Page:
Extract of grains of paradise and its active principle 6-paradol trigger thermogenesis of brown adipose tissue in rats.
Summary of "Extract of grains of paradise and its active principle 6-paradol trigger thermogenesis of brown adipose tissue in rats."
Grains of paradise (GP) is a species of the ginger family, Zingiberaceae, extracts of which have a pungent, peppery taste due to an aromatic ketone, 6-paradol. The aim of this study was to explore the thermogenic effects of GP extracts and of 6-paradol. Efferent discharges from sympathetic nerves entering the interscapular brown adipose tissue were recorded. Intragastric injection of a GP extract or 6-paradol enhanced the efferent discharges of the sympathetic nerves in a dose-dependent manner. The enhanced nerve discharges were sustained for as long as 3h. The rats did not become desensitized to the stimulatory effects these compounds on sympathetic nerve activity. The tissue temperature of brown adipose tissue showed significant increase in rats injected with 6-paradol. These results demonstrate that GP extracts and 6-paradol activate thermogenesis in brown adipose tissue, and may open up new avenues for the regulation of weight loss and weight maintenance.
Department of Basic Veterinary Science, Laboratory of Physiology, The United Graduate School of Veterinary Sciences, Gifu University, 1-1 Yanagido, Gifu 501-1193, Japan; Gifu City Women's College, 7-1 Hitoichibakitamachi, Gifu 501-0192, Japan.
This article was published in the following journal.
Name: Autonomic neuroscience : basic & clinical
- PubMed Source: http://www.ncbi.nlm.nih.gov/pubmed/21185236
- DOI: http://dx.doi.org/10.1016/j.autneu.2010.11.012
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Medical and Biotech [MESH] Definitions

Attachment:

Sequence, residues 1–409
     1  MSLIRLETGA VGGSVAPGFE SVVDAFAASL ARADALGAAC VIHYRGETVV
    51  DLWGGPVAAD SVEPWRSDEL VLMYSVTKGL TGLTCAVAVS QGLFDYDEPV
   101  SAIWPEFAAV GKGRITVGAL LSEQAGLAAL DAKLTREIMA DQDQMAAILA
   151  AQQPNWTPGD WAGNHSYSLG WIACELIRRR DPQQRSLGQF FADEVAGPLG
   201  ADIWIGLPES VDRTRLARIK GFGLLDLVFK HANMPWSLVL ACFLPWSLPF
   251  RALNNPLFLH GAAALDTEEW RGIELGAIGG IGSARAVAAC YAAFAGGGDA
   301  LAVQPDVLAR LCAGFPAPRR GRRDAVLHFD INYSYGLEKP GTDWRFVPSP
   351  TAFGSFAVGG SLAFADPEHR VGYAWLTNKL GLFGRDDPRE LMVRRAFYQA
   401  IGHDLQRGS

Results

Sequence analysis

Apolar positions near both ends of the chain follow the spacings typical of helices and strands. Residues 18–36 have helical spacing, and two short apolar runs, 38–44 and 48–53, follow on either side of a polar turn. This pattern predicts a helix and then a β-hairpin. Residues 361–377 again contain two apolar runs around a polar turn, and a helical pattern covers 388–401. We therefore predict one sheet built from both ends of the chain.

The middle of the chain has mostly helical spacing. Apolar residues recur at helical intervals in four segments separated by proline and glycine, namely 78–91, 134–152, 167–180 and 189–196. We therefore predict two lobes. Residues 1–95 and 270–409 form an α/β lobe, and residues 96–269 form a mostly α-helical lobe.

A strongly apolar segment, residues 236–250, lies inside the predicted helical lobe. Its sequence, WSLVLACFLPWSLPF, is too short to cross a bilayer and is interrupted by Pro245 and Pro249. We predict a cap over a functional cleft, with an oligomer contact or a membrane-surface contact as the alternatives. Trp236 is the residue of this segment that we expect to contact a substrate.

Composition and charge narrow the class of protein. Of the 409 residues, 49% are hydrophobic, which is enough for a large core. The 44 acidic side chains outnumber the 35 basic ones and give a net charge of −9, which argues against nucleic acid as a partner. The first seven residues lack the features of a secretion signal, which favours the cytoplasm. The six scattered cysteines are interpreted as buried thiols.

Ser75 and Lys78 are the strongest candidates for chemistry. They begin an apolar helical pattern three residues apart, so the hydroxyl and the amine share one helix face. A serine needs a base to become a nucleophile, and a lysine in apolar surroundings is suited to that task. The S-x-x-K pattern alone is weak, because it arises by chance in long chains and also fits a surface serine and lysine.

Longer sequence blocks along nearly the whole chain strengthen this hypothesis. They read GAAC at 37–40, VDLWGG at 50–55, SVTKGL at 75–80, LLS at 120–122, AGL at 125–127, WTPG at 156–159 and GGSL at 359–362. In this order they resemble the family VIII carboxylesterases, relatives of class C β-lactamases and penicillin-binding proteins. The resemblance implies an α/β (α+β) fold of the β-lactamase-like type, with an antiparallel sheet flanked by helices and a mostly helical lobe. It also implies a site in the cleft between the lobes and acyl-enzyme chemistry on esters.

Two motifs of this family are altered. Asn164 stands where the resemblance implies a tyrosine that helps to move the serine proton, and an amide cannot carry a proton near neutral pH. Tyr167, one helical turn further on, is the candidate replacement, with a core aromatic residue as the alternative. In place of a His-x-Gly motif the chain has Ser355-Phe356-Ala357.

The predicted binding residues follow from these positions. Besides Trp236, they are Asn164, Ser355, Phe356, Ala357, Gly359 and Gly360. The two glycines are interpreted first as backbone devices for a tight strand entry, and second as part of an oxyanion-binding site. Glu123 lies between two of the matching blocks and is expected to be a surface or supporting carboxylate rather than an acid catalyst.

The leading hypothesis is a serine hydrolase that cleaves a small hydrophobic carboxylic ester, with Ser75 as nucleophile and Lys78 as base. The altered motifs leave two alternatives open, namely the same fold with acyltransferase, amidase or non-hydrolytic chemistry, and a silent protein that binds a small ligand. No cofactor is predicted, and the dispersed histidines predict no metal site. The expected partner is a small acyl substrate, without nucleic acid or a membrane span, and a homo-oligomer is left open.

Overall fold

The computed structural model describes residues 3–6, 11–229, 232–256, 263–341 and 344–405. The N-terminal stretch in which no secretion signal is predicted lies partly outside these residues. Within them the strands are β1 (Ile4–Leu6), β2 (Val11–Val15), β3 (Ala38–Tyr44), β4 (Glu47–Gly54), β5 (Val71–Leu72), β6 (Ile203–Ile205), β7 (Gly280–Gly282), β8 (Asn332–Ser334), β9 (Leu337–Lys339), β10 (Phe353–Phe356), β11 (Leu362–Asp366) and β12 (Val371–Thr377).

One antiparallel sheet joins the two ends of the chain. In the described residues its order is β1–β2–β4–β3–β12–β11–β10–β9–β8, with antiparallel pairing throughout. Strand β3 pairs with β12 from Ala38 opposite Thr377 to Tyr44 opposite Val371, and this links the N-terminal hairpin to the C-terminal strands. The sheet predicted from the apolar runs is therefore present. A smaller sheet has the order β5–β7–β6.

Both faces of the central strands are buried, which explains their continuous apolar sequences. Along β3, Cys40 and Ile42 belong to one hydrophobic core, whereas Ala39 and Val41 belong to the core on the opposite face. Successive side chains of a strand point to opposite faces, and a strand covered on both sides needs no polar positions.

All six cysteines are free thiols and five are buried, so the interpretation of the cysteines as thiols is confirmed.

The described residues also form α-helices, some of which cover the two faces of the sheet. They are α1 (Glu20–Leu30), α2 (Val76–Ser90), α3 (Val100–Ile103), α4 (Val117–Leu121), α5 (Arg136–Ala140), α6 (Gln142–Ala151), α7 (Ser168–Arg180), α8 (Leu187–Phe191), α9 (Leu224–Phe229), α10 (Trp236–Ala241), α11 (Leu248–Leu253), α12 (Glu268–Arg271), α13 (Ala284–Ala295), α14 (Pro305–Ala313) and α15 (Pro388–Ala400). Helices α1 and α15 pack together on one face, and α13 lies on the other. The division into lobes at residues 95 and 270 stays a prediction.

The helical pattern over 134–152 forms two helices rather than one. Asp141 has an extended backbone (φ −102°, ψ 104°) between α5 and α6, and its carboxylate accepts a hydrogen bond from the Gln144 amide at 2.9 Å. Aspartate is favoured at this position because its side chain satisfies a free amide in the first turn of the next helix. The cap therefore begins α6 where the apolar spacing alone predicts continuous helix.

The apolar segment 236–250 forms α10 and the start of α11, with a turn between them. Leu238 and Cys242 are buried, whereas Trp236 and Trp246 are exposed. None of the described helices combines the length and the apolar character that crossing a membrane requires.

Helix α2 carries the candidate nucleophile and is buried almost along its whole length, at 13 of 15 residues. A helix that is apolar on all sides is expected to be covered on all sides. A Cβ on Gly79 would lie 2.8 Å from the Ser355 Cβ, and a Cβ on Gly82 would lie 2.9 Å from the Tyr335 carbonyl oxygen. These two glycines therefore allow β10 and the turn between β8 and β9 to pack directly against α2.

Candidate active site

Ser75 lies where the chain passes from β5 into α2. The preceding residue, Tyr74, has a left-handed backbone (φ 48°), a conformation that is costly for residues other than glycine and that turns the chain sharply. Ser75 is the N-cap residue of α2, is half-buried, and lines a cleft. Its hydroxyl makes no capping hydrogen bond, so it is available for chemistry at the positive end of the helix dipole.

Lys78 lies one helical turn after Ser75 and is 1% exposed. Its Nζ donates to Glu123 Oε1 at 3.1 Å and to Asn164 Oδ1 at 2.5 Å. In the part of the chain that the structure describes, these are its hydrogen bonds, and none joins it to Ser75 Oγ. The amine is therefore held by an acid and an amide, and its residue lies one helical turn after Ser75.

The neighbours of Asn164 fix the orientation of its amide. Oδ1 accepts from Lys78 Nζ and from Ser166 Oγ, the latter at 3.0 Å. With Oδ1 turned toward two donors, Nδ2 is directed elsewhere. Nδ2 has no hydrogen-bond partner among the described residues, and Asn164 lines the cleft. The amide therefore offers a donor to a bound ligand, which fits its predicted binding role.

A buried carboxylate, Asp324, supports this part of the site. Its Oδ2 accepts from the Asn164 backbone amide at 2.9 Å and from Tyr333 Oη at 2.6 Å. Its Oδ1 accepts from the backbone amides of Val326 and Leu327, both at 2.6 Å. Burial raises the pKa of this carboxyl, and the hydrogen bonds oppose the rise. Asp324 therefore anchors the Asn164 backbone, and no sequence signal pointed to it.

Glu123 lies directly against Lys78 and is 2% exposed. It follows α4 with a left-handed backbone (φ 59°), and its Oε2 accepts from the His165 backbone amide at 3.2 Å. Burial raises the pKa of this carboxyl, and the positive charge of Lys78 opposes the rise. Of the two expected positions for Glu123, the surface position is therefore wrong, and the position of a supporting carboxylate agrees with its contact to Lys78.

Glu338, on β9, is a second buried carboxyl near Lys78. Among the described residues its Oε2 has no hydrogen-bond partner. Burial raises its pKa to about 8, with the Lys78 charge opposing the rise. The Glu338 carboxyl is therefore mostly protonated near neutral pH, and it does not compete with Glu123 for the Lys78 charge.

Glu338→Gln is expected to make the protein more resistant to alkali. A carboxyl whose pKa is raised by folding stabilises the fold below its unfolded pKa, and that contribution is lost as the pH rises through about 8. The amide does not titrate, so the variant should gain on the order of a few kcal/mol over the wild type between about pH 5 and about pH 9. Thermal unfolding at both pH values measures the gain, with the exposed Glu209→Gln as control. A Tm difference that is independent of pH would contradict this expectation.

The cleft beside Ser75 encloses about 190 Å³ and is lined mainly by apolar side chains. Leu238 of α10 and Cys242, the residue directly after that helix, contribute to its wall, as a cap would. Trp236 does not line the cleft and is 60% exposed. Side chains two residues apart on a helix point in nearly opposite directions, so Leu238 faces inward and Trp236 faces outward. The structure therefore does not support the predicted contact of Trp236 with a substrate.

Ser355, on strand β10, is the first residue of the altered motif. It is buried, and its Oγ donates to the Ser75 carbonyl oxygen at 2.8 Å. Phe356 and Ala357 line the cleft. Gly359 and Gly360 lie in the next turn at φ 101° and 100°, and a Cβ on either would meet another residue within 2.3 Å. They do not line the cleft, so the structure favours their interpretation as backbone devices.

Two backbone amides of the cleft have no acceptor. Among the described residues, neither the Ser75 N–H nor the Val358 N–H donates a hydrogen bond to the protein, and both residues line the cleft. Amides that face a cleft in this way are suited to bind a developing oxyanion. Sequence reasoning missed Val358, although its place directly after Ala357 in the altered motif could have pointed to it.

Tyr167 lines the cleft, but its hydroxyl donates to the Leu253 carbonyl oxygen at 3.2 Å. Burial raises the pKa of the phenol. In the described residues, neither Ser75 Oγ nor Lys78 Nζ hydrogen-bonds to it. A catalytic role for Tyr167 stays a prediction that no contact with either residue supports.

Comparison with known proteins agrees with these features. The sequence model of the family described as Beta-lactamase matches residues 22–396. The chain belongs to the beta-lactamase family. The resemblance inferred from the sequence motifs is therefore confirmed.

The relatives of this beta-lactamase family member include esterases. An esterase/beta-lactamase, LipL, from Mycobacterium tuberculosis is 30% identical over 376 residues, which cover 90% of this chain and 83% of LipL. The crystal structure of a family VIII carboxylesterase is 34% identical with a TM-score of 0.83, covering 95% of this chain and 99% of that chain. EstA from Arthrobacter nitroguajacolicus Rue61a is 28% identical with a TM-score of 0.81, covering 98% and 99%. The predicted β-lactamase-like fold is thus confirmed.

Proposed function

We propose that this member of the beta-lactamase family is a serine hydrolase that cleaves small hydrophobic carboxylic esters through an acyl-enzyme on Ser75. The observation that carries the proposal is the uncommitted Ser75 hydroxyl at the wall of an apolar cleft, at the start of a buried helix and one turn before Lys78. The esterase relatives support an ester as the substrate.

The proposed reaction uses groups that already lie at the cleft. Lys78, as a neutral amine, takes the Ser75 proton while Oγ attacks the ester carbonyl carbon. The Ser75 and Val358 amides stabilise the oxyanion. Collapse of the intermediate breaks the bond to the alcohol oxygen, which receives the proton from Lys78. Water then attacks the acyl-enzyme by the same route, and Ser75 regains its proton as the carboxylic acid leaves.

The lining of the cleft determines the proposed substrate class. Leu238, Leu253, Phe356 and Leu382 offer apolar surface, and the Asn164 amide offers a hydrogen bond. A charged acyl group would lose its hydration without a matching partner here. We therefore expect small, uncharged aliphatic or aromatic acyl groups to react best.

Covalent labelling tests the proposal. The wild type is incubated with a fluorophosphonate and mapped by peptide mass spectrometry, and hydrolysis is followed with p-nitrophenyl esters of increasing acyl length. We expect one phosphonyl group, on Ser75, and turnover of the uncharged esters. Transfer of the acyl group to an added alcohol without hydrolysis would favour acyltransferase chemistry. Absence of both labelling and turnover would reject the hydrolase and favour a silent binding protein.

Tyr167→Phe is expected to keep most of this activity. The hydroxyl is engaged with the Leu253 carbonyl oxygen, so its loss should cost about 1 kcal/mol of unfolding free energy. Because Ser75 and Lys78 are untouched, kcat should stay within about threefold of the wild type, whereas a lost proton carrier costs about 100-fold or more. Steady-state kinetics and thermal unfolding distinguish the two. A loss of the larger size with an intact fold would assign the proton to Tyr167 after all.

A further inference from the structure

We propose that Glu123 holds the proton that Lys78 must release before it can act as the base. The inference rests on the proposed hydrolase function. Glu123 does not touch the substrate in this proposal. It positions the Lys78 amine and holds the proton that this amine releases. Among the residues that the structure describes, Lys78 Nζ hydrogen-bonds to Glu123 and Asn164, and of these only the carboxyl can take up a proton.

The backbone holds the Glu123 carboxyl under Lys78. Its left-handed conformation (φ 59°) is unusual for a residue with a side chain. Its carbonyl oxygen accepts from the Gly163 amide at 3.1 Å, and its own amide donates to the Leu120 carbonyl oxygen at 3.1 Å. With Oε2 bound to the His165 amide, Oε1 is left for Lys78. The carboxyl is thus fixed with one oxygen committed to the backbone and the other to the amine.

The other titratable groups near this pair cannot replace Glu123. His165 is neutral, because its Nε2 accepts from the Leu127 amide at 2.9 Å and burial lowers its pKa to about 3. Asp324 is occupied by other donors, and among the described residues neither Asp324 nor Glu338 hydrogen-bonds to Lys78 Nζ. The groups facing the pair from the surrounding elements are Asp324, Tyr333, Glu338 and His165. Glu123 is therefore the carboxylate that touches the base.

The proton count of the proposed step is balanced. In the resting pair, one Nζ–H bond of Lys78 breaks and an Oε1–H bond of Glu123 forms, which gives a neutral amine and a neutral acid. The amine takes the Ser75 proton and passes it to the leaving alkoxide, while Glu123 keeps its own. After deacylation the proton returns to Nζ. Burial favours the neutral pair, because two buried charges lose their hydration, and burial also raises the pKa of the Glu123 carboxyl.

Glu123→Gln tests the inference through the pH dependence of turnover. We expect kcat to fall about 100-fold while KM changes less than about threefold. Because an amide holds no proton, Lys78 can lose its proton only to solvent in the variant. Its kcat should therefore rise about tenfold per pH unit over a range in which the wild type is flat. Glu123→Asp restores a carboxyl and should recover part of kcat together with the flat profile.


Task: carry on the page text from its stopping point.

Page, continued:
The generation of heat in order to maintain body temperature. The uncoupled oxidation of fatty acids contained within brown adipose tissue and SHIVERING are examples of thermogenesis in MAMMALS.
A dehydrated extract of thyroid glands. After the removal of fat and connective tissue, the extract is dried or lyophilized to yield a yellowish to buff-colored amorphous powder containing 0.17-0.23% of iodine.
A dehydrated extract of thyroid glands from domesticated animals. After the removal of fat and connective tissue, the extract is dried or lyophilized to yield a yellowish to buff-colored amorphous powder containing 0.17-0.23% of iodine.
Rapidly decreasing response to a drug or physiologically active agent after administration of a few doses. In immunology, it is the rapid immunization against the effect of toxic doses of an extract or serum by previous injection of small doses. (Dorland, 28th ed)
A plant family of the order ZINGIBERALES, subclass Zingiberidae, class Liliopsida. Some species in this genus are called bird-of-paradise which is also a common name for CAESALPINIA and Heliconia (HELICONIACEAE).